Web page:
Jeremy has a box of crayons sitting on a shelf in a very dark room - too dark to distinguish crayon color. Inside this box, there are 21 red crayons, 13 blue crayons, and 6 brown crayons.
Now, Jeremy would like to go into the room and grab some crayons out of the box, without taking the whole box. But remember, the room is very dark. And the light doesn't work. And Jeremy's flashlight batteries are dead. And he has no replacement batteries. And he's not allowed to use matches....In other words, Jeremy will have to grab the crayons without seeing what colors they are.
Well, Jeremy is a very inquisitive boy, and this quest gets his restless mind working. "How many," he asks himself, "would I have to grab, if I want to make sure I get at least 2 crayons of the same color?" He thinks about this for a minute. "Obviously, I could just grab every crayon in the box, and then I'd know I have some of the same color." He shakes his head at the idea. "But I don't want to grab that many, because then they'll roll off the table, and I'll lose some... and of course little Jenny will eat some..."
Jeremy pauses at the door to the dark room. "Then again, I could just grab 2 crayons and hope that they're the same color. But what if they aren't? I really want 2 crayons of the same color. Oh, if only someone could tell me the smallest number that I absolutely have to grab in order to guarantee I have at least 2 crayons of the same color! That's the important thing - I need a GUARANTEE. Surely it doesn't have to be the whole box, does it?"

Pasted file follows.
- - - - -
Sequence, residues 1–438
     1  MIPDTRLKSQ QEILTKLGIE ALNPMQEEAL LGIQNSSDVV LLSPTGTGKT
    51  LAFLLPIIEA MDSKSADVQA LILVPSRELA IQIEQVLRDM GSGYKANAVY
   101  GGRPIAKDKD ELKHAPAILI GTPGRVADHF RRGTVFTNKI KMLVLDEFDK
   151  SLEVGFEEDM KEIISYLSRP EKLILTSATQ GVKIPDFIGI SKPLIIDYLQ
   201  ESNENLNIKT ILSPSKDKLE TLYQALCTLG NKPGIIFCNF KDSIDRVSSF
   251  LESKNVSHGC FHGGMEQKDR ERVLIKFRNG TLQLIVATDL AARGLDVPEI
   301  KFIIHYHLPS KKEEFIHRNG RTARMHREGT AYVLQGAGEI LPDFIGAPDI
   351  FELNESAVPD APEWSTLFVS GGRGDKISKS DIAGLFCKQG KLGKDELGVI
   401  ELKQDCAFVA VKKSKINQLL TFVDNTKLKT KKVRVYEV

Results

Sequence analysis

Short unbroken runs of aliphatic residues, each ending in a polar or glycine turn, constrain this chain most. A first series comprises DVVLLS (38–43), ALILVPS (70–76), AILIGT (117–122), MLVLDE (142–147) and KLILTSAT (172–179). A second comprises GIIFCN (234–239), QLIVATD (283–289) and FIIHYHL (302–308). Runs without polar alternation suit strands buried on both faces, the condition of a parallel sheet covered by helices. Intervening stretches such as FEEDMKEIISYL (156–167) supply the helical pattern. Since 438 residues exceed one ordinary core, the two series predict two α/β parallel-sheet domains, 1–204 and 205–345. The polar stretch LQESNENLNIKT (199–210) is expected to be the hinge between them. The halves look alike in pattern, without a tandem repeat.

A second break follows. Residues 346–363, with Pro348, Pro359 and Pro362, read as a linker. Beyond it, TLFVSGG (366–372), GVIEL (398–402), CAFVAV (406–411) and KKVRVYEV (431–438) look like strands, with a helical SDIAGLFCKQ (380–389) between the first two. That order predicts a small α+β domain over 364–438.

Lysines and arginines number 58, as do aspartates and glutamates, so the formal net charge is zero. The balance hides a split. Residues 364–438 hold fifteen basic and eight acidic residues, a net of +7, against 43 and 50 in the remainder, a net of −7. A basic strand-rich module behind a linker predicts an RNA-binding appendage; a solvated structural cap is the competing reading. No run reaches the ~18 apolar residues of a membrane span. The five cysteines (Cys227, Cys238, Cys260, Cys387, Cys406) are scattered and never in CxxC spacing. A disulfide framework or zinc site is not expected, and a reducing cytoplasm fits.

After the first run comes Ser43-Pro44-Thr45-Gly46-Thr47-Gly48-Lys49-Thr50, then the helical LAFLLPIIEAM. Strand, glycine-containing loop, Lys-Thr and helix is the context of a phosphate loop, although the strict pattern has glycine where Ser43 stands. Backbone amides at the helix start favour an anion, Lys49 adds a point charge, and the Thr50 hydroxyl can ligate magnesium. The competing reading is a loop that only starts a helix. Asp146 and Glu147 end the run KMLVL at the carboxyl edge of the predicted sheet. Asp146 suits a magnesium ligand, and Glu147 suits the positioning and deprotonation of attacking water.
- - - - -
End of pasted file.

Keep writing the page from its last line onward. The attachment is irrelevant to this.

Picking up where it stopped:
Question 1: What's the smallest number of crayons Jeremy needs to grab in order to guarantee that he has at least 2 crayons of the same color?
And if you get that, here are a few more!
Question 2: What if Jeremy wants to guarantee that he has at least 2 red crayons?
Question 3: What if Jeremy wants to guarantee that he has at least 1 crayon of each color?
Question 4: What if Jeremy wants to guarantee that he has more reds than browns?
Solution available here.
And if you still want more puzzles of a similar type, check out our "How Many Socks?" book, for sale at our store www.themathprofs.com. We'll walk you through the process of solving these types of questions - from questions just like these, slowly building to more general scenarios using variables for the numbers of colors and items.
Brian and Melanie Fulton both earned doctoral degrees in mathematics at Virginia Tech. They formerly taught math at the university level, and now run a hobby farm while accuracy-checking collegiate mathematics texts. They homeschool their four children, frequently employing the aid of chicken, dairy goat, cat, and dog tutors.